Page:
The need for additional private capital isn’t mentioned in the December 2011 business plan Kestrel submitted to the city of Superior when it was selling the city on the potential of bringing up to 665 jobs by 2018.
In its 33-page-plus document, the company said it has a commitment from an unnamed “major insurance company” to fund up to $35 million if the company gets approval for a federal program called New Market Tax Credits.
In total, Kestrel anticipates getting $90 million worth of tax credits, which can translate into about $20 million to $25 million the company can directly use.
Kestrel’s Norris said the company will get the credits through the Wisconsin Housing and Economic Development Authority, or WHEDA, which already has offered about $40 million of the credits to the company from previous awards. The rest will come through future allocations, which he said he’s been told by WHEDA have already been requested.
“But we won’t know the result for a few more weeks,” Norris said.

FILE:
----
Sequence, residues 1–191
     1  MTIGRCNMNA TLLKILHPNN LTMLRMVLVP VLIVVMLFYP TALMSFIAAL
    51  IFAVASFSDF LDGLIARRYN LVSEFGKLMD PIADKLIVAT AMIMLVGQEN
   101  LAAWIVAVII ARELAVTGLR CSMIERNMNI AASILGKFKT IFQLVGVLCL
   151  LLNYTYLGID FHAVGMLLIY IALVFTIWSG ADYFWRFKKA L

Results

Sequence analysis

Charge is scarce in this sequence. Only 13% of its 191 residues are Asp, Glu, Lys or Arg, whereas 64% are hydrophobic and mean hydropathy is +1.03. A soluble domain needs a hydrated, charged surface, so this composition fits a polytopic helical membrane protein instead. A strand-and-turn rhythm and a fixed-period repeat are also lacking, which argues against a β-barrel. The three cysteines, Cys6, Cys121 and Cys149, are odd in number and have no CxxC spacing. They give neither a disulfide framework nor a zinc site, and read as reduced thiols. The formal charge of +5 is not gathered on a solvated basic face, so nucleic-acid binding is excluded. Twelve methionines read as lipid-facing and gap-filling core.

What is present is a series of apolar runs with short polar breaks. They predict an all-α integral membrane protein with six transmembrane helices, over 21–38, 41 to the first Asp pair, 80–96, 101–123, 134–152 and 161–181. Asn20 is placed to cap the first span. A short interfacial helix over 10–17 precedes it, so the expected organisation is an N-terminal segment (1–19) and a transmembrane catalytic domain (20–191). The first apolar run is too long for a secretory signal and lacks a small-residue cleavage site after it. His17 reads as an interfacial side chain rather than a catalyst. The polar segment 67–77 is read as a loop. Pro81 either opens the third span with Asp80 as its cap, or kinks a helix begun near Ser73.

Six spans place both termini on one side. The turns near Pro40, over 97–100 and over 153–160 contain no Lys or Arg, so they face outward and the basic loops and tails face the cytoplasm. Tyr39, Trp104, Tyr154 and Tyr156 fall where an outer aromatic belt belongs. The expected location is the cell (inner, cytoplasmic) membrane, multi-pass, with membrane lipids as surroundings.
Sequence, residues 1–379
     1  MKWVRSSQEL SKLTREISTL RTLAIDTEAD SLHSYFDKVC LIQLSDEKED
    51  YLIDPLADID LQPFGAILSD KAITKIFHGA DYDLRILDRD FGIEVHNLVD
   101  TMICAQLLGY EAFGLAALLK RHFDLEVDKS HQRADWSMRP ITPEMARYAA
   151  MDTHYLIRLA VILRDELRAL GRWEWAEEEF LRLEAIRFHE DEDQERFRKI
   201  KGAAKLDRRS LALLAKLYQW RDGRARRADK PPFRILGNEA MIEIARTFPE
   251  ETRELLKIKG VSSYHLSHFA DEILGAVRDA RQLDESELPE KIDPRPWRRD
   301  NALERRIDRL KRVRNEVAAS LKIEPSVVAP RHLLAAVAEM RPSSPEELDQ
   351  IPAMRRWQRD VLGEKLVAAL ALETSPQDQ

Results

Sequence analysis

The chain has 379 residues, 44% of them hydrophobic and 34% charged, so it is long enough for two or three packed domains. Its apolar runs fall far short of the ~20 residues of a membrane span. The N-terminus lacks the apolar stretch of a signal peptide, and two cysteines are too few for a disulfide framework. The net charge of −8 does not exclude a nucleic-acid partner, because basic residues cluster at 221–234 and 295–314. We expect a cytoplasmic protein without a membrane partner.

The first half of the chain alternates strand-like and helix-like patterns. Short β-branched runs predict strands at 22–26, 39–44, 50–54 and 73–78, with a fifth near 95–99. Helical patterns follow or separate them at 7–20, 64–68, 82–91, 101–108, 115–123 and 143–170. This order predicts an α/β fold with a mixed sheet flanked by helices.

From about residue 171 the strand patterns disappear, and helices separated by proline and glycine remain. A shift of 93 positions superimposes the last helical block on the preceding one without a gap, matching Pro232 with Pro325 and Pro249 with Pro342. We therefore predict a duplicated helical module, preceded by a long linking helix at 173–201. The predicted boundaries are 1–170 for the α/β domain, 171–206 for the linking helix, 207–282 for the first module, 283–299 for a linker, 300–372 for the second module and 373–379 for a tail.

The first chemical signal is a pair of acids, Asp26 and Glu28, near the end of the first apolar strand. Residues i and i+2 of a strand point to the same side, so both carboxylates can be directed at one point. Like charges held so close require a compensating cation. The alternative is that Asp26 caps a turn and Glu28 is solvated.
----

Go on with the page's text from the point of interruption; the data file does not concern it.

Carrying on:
OPTIMISM IN A CROWDED MARKET
If it’s able to take its planes to market, Kestrel will be entering an already-crowded marketplace that has been bruised by recession and is competing for a small number of potential buyers.
At least five other companies, including industry giant Cessna, make single-engine turbo-propeller planes similar to the Kestrel. Those planes sell from $1.9 million to $4.3 million, about the same price as the Kestrel, which is anticipating a $3 million price.
While the turbo-propeller market generated about a billion dollars in sales in 2010, that’s a drop of about 18 percent since 2006, according to numbers provided by the General Aviation Manufacturers Association. In total, 251 single-engine propeller planes were sold in 2010, according to GAMA, with Cessna leading the way with 95 sold.